Kinetic System, Inc. v. IPS-Integrated Project Services, LLC et al

Filing 15

///ORDER granting in part and denying in part 9 Joint Motion to Dismiss. Count two of Kinetic's complaint that is, the equitable claims against IPS is dismissed. In all other respects, defendants' motion to dismiss is denied. So Ordered by Judge Steven J. McAuliffe. Answer Follow Up on 6/18/2021. (lw)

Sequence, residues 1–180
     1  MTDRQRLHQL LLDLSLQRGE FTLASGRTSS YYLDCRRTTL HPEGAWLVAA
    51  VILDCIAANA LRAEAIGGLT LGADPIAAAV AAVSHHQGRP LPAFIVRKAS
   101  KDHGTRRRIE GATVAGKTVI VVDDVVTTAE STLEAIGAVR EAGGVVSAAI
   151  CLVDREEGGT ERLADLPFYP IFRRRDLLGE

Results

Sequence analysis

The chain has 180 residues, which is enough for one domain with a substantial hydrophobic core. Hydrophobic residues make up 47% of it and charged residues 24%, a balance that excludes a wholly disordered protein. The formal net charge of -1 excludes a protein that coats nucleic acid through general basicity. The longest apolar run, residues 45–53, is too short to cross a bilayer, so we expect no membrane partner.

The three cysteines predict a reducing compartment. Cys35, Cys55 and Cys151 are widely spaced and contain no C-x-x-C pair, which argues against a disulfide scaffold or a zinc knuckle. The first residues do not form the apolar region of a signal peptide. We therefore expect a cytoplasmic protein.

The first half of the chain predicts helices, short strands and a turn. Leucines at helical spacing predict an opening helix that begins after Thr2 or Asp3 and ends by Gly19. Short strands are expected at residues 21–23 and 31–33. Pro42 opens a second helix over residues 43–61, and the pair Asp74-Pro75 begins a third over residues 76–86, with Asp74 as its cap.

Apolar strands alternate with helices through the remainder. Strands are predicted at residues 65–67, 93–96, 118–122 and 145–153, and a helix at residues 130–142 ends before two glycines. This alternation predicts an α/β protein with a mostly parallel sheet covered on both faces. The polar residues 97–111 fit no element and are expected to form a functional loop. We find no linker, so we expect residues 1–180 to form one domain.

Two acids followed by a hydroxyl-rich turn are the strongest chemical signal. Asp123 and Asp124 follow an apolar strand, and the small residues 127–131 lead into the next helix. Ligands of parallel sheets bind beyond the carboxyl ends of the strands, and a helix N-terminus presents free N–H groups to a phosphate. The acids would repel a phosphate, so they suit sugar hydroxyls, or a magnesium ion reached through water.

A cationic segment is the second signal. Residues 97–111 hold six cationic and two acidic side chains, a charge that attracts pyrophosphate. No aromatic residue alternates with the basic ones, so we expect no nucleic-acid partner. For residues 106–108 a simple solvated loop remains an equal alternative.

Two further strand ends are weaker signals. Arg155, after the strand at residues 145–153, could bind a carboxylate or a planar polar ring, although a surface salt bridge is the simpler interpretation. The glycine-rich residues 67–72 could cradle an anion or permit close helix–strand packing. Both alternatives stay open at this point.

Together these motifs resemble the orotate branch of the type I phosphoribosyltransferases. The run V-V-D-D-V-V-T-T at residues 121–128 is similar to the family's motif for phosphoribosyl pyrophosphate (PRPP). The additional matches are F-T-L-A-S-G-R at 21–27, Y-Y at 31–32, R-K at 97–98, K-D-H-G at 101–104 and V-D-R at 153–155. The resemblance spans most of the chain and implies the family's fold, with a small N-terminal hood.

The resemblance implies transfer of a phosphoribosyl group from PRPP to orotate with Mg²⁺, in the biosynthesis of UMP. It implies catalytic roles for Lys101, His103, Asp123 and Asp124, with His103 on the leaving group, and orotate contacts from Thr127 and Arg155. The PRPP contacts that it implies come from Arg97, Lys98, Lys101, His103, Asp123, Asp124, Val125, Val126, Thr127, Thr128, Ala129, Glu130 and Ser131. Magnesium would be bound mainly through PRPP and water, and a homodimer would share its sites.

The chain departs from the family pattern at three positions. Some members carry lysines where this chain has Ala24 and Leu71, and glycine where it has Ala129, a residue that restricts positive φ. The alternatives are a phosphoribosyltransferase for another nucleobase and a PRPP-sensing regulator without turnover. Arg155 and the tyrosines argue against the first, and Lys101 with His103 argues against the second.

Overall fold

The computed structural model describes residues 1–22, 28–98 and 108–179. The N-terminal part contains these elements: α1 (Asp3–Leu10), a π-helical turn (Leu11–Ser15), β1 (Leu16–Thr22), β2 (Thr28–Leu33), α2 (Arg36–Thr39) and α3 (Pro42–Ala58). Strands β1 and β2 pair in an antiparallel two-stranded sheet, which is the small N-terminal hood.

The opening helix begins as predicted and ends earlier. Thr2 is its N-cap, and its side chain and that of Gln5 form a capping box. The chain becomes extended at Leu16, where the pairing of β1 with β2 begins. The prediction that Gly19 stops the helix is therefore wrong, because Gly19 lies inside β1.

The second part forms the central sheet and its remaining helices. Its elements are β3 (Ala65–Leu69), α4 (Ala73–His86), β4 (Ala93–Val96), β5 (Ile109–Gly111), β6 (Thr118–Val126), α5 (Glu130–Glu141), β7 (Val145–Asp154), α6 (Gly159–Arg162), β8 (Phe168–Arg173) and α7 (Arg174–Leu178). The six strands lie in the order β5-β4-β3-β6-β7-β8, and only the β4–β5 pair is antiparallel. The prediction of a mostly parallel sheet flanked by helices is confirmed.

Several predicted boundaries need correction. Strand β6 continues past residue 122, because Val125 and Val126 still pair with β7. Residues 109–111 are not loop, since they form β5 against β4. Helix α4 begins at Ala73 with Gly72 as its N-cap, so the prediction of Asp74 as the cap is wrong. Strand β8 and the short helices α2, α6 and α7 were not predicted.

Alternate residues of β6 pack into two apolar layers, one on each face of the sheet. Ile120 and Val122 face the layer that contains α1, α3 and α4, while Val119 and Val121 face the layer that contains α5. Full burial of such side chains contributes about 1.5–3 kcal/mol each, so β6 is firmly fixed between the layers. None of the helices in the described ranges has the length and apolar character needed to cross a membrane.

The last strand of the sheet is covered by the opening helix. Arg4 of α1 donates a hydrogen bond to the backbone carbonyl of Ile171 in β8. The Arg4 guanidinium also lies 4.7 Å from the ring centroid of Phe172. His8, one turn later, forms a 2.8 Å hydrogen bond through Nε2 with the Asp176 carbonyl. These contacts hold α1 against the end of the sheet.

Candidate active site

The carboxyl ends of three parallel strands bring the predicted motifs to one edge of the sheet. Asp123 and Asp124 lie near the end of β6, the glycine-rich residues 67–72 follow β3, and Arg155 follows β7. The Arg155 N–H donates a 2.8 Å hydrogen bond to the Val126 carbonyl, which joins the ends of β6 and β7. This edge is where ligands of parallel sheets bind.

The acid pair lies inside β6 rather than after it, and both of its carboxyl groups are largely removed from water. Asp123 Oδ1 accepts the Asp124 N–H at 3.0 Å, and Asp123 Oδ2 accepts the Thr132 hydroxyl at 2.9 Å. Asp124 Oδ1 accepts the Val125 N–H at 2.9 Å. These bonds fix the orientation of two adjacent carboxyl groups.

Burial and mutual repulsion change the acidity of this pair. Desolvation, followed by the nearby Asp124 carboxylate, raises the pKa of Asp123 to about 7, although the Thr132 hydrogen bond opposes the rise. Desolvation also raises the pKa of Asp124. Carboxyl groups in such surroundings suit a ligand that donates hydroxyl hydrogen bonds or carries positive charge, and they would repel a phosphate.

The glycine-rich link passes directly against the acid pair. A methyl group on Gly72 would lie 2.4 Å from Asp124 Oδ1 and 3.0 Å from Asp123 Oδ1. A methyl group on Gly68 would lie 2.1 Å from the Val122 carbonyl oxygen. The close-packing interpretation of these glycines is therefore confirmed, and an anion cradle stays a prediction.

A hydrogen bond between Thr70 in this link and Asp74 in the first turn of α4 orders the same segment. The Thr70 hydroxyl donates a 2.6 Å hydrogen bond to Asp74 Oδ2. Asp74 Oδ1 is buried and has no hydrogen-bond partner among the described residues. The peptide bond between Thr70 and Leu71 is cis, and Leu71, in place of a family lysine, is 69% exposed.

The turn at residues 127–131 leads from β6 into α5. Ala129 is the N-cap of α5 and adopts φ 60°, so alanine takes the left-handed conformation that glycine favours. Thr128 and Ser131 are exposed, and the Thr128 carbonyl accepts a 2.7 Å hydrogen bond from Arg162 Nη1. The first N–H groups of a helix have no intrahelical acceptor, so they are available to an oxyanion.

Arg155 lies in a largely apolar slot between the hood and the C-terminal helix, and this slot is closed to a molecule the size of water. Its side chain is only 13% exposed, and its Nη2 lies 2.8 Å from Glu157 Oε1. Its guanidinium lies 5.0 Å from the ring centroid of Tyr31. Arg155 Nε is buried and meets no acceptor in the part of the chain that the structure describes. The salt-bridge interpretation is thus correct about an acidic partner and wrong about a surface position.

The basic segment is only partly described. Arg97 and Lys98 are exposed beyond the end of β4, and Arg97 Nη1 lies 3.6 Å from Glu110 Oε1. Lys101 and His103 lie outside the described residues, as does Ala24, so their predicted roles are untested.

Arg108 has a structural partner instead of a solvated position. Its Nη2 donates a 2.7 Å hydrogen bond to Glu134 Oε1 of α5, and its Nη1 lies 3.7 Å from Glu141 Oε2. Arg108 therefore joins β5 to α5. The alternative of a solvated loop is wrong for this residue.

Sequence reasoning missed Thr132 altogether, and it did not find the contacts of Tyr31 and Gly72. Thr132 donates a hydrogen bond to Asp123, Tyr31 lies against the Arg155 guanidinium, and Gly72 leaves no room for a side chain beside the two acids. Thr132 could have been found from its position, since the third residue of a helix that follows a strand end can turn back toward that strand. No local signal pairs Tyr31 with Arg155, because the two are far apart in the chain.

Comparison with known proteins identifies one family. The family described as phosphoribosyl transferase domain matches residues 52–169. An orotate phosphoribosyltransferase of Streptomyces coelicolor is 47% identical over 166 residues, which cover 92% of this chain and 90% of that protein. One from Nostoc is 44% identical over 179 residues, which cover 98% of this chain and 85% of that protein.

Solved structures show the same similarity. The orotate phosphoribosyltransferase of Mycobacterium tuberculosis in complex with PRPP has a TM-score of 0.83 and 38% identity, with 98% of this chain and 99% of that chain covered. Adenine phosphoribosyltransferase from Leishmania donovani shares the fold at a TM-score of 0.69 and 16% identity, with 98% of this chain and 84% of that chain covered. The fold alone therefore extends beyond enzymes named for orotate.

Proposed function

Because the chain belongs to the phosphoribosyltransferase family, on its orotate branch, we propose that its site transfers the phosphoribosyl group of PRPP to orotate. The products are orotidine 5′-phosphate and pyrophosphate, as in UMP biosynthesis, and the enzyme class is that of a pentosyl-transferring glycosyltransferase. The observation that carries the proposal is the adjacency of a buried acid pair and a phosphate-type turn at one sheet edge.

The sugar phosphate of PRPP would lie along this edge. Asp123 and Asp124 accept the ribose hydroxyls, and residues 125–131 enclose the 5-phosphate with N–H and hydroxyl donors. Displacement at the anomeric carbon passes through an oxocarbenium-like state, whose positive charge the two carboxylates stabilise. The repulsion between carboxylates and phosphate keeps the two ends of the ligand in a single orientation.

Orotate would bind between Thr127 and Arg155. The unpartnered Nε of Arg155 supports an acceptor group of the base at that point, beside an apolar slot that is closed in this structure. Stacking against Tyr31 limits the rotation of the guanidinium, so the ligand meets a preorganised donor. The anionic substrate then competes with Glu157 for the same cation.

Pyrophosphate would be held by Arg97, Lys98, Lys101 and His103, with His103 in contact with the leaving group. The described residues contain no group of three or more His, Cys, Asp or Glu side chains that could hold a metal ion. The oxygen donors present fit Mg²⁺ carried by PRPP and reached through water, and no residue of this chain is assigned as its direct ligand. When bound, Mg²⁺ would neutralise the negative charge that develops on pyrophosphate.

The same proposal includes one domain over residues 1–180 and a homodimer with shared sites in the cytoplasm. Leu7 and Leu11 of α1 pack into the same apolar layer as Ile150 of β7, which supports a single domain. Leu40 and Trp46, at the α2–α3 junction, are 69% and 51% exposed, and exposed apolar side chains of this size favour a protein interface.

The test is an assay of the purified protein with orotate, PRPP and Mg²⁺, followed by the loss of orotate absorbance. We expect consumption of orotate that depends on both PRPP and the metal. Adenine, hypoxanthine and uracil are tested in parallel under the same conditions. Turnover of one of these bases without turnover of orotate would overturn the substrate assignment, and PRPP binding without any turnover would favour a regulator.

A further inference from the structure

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UNITED STATES DISTRICT COURT DISTRICT OF NEW HAMPSHIRE Kinetic Systems Inc., Plaintiff v. Case No. 20-cv-1125-SM Opinion No. 2021 DNH 031 IPS-Integrated Project Services, LLC and Lonza Biologics, Inc., Defendants O R D E R Kinetic Systems, Inc. brings this action for breach of contract and quantum meruit, seeking nearly $14 million it claims to be owed for work it performed on a construction project in Portsmouth, New Hampshire. In its complaint, Kinetic advances three claims: breach of contract against the project’s general contractor, Integrated Project Services (“IPS”) (count one); quantum meruit/unjust enrichment against IPS (count two); and, in the alternative, quantum meruit/unjust enrichment against the project owner, Lonza Biologics (count three). Defendants move to dismiss, saying Kinetic’s claims are premature. In short, defendants allege that Kinetic has failed to follow contractually-mandated prerequisites to filing suit. For the reasons discussed, defendants’ motion to dismiss is granted in part and denied in part. Standard of Review In considering a motion to dismiss, the court accepts all well-pled facts alleged in the complaint as true, disregarding legal labels and conclusions, and resolves reasonable inferences in the plaintiff’s favor. See Galvin v. U.S. Bank, N.A., 852 F.3d 146, 155 (1st Cir. 2017). To avoid dismissal, the complaint must allege sufficient facts to support a “plausible” claim for relief. (2009). See Ashcroft v. Iqbal, 556 U.S. 662, 678 To satisfy the plausibility standard, the factual allegations in the complaint, along with reasonable inferences, must show more than a mere possibility of liability – that is, “a formulaic recitation of the elements of a cause of action will not do.” (2007). Bell Atl. Corp. v. Twombly, 550 U.S. 544, 555 See also Lyman v. Baker, 954 F.3d 351, 359–60 (1st Cir. 2020) (“For the purposes of our [12(b)(6)] review, we isolate and ignore statements in the complaint that simply offer legal labels and conclusions or merely rehash cause-of-action elements.”) (citation and internal punctuation omitted). In other words, the complaint must include well-pled (i.e., non-conclusory, non-speculative) factual allegations that, if 2 assumed to be true, allow the court to draw the reasonable and plausible inference that the plaintiff is entitled to the relief sought. See Tasker v. DHL Ret. Savings Plan, 621 F.3d 34, 38-39 (1st Cir. 2010). Background Integrated Project Services (“IPS”) was the general contractor for a construction project owned by Lonza Biologics in Portsmouth, New Hampshire. Kinetic was a subcontractor on that project. IPS and Kinetic entered into two contracts related to the Portsmouth project. The first was signed in December of 2018, and concerns mechanical work and plumbing services to be supplied by Kinetic (document no. 9-3) (the “Early Mechanical Contract”). The contract provides that, in exchange for its services, Kinetic will be paid a fixed sum of $2,376,659. The second contract was signed in April of 2019, and concerns piping work to be supplied by Kinetic (document no. 9-4) (the “Process Contract”). That contract provides that, in exchange for its services, Kinetic will be paid a fixed sum of $1,800,000. As is customary in the construction industry, both contracts provide a mechanism by which the parties agreed to 3 resolve issues arising from any changes to the scope of Kinetic’s work, including the amount Kinetic would be paid for additional work. Before performing any work beyond that specified in the contracts, Kinetic is required to first give IPS notice of a proposed change, submit documentation in support of it, and obtain IPS’s agreement to it. See Early Mechanical Contract at Section 6; Process Contract at Section 6. If the parties are unable to agree upon a price for Kinetic’s additional work, the contracts allow IPS to compel Kinetic to perform the work (via “Change Directive”), after which the parties are committed to agree upon an appropriate adjustment to the amount to be paid to Kinetic. That process of negotiating, implementing, and paying for change orders is generally referred to as the “Section 6 Project Level Negotiations.” If the parties are unable to fully resolve any disagreements through the Section 6 Project Level Negotiations, the contracts provide the means by which they will resolve any lingering disputes. Section 12 of each contract, entitled “Claims and Disputes between IPS and Subcontractor,” sets forth a mandatory three-step dispute resolution process. The claims or disputes “shall first be attempted to be resolved by good-faith negotiation between senior management of the Parties.” 4 Second, if that process is unsuccessful, “then the Parties agree to try in good faith to settle the claims or disputes (or remaining portion thereof) by mediation administered by the American Arbitration Association.” Finally, if unresolved disputes remain, the contracts establish a bifurcated dispute resolution process, depending on the amount at issue. For disputes involving amounts less than $250,000, the parties agree that such disputes shall be resolved by arbitration. For disputes involving $250,000 or more, the parties agree that they may be resolved, at IPS’s election, by either arbitration or by civil litigation to be filed exclusively in the state or federal courts of the Commonwealth of Pennsylvania. See Early Mechanical Contract at Section 12.2; Process Contract at Section 12.2 (“Section 12 Dispute Resolution”) (emphasis supplied). The complaint alleges that Kinetic submitted, and IPS approved, several large change orders for which Kinetic has not yet been paid: The Early Mechanical and Process contracts, as amended, are referred to herein as the Contracts. IPS implemented and the parties agreed to several large change orders under the Contracts pursuant to which Kinetics provided a substantial amount of additional labor and materials for consumption and/or use in Lonza’s building(s) and systems. 5 Defendant IPS repeatedly agreed that it would pay Kinetics for its material and labor costs associated with the Contracts, including all change orders. Kinetics reasonably relied upon these promises and inducements in performing work and providing materials to [the project]. Complaint (document no. 1-2) at paras. 15-17 (emphasis supplied). Moreover, the complaint alleges that Kinetic has “complied with all material terms of the Contracts in providing labor and material” to the project. Id. at para. 24. In total, says Kinetic, it is owed approximately $3,650,000 under the Early Mechanical Contract, and $10,320,000 under the Process Contract. Id. at para. 21. According to Kinetic, the parties are at an impasse: Kinetic says it has complied with all of its contractual obligations, yet IPS refuses to approve its requests for payment. Moreover, IPS has ignored Kinetic’s request that IPS either invoke the arbitration provisions of the contracts or bring a legal proceeding to resolve the parties’ disputes. Meanwhile, says Kinetic, IPS sits on roughly $14 million it is properly owed and, at best, is slow-walking Kinetic through the contractually-mandated dispute resolution process (conduct that, if done in bad faith, could itself constitute a breach). 6 Discussion I. Claims Against the General Contractor, IPS. In support of their motion to dismiss Kinetic’s breach of contract claim against IPS, defendants dispute the complaint’s assertion that Kinetic has “complied with all material terms of the contracts.” Rather, say defendants, Kinetic failed to follow the three-step, contractually-mandated dispute resolution process prior to filing this suit, claiming that when Kinetic filed suit, “project level negotiations under Section 6 had not concluded on approximately two-thirds of the proposed changes as required, and in fact continued well after Plaintiff filed suit. Much of Plaintiff’s claim had yet to reach the Section 12 dispute resolution stage when suit was filed and none of the claim has completed that stage.” (document no. 9-1) at 2, n.1. Defendants’ Memorandum Consequently, say defendants, Kinetic’s claims are premature and must be dismissed.1 Importantly, however, defendants’ attacks on the veracity of the complaint’s factual allegations rest entirely on evidence   Parenthetically, the court notes that IPS is not invoking the contracts’ arbitration provisions. Nor does IPS seek a transfer of this action to Pennsylvania, based upon the contracts’ choice of venue provisions. Rather, IPS simply seeks dismissal of Kinetics’ claims, urging that they are premature and saying the parties have yet to complete negotiations over the proper amounts owed to Kinetic. 1 7 and affidavits extrinsic to the complaint and the parties’ contracts – matters more properly raised in the context of a motion for summary judgment, after both sides have had the opportunity to engage in meaningful discovery. A motion to dismiss is not the proper means by which to advance new factual claims, challenge the factual allegations of the complaint, or introduce extrinsic evidence of the sort upon which defendants rely. That the parties agreed to a specific means by which to resolve their disputes is plain. The extent to which they have complied with those provisions and acted in good faith is, at this juncture, unresolved. Kinetics’ quantum meruit/unjust enrichment claim against IPS fares less well. Indeed, Kinetic implicitly recognizes as much and does not object to its dismissal. Motion to Dismiss (document no. 11). See Objection to As the New Hampshire Supreme Court has noted, “unjust enrichment is an equitable remedy that is available only in the absence of an enforceable contract governing the matter.” Barlo Signs Int’l, Inc. v. GCD Inc., No. 2017-0589, 2018 WL 3237974, at *2 (N.H. June 29, 2018). Because the additional work for which Kinetic seeks compensation from IPS is within the scope of the parties’ contracts - that is, the additional work is covered by change orders contemplated by those contracts – Kinetic cannot pursue 8 equitable claims against IPS for those sums; its sole remedy lies in a breach of contract claim. See generally Axenics, Inc. v. Turner Const. Co., 164 N.H. 659, 669–70 (2013). II. Claims Against the Project Owner, Lonza Biologics. On the other hand, Kinetic’s equitable claims against Lonza Biologics, the project owner, are sufficient to survive defendants’ motion to dismiss. To be sure, “the circumstances under which an unjust enrichment claim may be brought by a subcontractor against an owner, absent privity, are limited.” Axenics, 164 N.H. at 672 (citation and internal punctuation omitted). Nevertheless, there may be “special circumstances that would justify requiring the owner to pay, such as when the owner accepts benefits rendered under such circumstances as reasonably notify the owner that the one performing such services expected to be compensated therefor by the owner.” (citations omitted). Id. Another such circumstances appears to arise when the project owner has not fulfilled its financial obligations to the general contractor. Id. Here, Kinetic has pled its quantum meruit/unjust enrichment claim against Lonza as an alternate theory of relief, “if Lonza has not paid in full for the labor, materials and benefits” supplied by Kinetic, “under such circumstances as to make it 9 inequitable and unjust for Lonza to retain the benefits without paying in full for their value.” (emphasis supplied). Complaint at para. 39 See generally Fed. R. Civ. P. 8(d) (allowing alternate and even inconsistent claims). At this juncture, the complaint’s allegations are sufficient to survive a motion to dismiss. Conclusion Count two of Kinetic’s complaint (a claim for quantum meruit/unjust enrichment against IPS) fails to set forth the essential elements of a viable cause of action. It must, then, necessarily be dismissed. The remaining allegations of complaint adequately and plausibly allege the essential elements of viable claims against the named defendants: breach of contract against IPS (count one) and, in the alternative, quantum meruit/unjust enrichment against Lonza (count three). A complaint need do no more than that to survive a motion to dismiss. That defendants believe they have evidence that may undermine Kinetic’s claims or, at a minimum, establish that good-faith negotiations are ongoing and Kinetic’s claims are premature, are matters more appropriately raised in the context of either summary judgment or trial. 10 For the foregoing reasons, as well as those set forth in Kinetic’s legal memorandum (document no. 11), defendants’ motion to dismiss (document no. 9) is granted in part and denied in part. Count two of Kinetic’s complaint – that is, the equitable claims against IPS – is dismissed. In all other respects, defendants’ motion to dismiss is denied. SO ORDERED. ____________________________ Steven J. McAuliffe United States District Judge June 4, 2021 cc: John P. Sherman, Esq. Peter G. Callaghan, Esq. Christopher T. Hilson, Esq. Christopher D. Hawkins, Esq. 11